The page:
It’s one of Glasgow’s most curious sights – how exactly Jenny Lind’s neighborhood, an unassuming estate south of the Clyde, came to share its name with a Swedish opera star of the 19th century?
Largely built up in the 1920s, the area was part of the farmland of the Maxwell family’s Pollok estate, where Swedish nightingale Jenny Lind spent a night at one of their farms.
After her stay, the landowners decided that the inn would be renamed Jenny.
Unfortunately, the details of her visit are unclear – all that is certain is that she spent the night there at some point in her career.
At the turn of the 20th century, landowner Sir John Stirling Maxwell agreed with local authorities that houses would be built “south of Jenny Lind”.
Johanna Maria “Jenny” Lind was one of the most beloved singers of the 19th century, rising to fame after her performance in Der Freischutz in 1838.
Jenny started singing on stage at the age of 10, after being discovered by the Royal Swedish Opera.
Her vocal range was impressive and the talented soloist often wrote her own passages.
She was in high demand in roles during the 1840s, mingling with high society across Europe.
Jenny moved closer to a fairy tale romance when legendary Danish author Hans Christian Andersen fell in love with her, although she did not return his feelings.
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When she made her UK debut, Queen Victoria attended all sixteen performances of Jenny at Her Majesty’s Theater in London.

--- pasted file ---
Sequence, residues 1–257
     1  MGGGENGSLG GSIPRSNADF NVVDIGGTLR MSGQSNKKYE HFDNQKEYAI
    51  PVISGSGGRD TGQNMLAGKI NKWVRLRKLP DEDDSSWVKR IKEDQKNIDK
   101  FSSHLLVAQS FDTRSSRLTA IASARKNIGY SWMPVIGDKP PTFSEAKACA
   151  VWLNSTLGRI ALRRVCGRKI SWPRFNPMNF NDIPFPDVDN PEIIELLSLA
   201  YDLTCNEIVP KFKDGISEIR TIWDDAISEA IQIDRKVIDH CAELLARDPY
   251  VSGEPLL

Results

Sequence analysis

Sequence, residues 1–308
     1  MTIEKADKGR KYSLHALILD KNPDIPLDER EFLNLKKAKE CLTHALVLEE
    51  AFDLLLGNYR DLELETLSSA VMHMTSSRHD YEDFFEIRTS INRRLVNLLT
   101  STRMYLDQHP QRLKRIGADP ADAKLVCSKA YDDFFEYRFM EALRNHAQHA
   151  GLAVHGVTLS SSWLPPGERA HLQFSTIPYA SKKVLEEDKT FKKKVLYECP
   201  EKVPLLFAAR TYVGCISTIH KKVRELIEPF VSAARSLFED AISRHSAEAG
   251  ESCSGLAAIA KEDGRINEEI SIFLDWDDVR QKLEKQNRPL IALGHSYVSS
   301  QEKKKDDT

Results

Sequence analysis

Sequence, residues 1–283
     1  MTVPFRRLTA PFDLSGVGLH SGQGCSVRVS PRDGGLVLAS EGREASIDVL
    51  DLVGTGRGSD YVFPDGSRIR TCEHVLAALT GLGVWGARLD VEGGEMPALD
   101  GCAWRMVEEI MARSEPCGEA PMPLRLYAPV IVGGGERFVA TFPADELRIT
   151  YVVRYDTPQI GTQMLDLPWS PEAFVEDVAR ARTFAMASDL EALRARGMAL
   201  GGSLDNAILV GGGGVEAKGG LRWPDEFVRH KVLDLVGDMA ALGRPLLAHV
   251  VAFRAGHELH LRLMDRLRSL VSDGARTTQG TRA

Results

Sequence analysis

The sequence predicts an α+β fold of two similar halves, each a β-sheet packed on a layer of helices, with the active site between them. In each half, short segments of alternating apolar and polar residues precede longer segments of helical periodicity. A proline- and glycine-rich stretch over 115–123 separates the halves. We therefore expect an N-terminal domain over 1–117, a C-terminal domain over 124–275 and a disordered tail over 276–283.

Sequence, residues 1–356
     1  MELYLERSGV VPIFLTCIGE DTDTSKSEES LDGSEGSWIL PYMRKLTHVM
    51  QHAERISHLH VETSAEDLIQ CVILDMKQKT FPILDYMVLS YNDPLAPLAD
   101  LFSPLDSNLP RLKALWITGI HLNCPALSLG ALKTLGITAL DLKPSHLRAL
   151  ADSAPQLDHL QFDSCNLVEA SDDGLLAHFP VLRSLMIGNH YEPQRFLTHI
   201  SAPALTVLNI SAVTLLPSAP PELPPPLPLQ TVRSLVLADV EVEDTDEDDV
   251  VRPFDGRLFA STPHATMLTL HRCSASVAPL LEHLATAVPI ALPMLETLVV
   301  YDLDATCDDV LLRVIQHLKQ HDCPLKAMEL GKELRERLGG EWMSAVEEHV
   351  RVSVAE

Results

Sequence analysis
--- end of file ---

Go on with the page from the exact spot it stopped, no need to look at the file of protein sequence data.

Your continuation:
During one act, Queen Victoria was reportedly so impressed that she threw a bouquet at the singer’s feet.
Like many opera singers, Jenny retired from acting at the age of 29.
Her last operatic appearance was in 1849, when she starred in Robert le Diable – although she continued to perform around the world.
In 1850, she went to America at the invitation of the showman Phineas Taylor Barnum and gave nearly 100 concerts under his direction.
This story was told in the 2017 film The Greatest Showman starring Hugh Jackman, with Jenny played by Rebecca Ferguson.
In real life, his impression of the United States borders on mania, with Jenny Lind dolls, chewing tobacco and sheet music flying off the shelves.
Despite what the film’s narrative may hint at, Lind and Barnum were never romantically entangled – with both parties focusing on business rather than pleasure.
She continued to tour under her own direction, earning thousands of dollars which she donated to charity – mostly to educational institutions in Sweden.
Towards the end of her life, Jenny taught at the Royal College of Music in London before dying in 1887.
Glasgow can’t claim to be alone in taking inspiration from the Swedish singer – with a Jenny Lind Creek in Australia, a Jenny Lind Island in Canada and many streets in America named after her.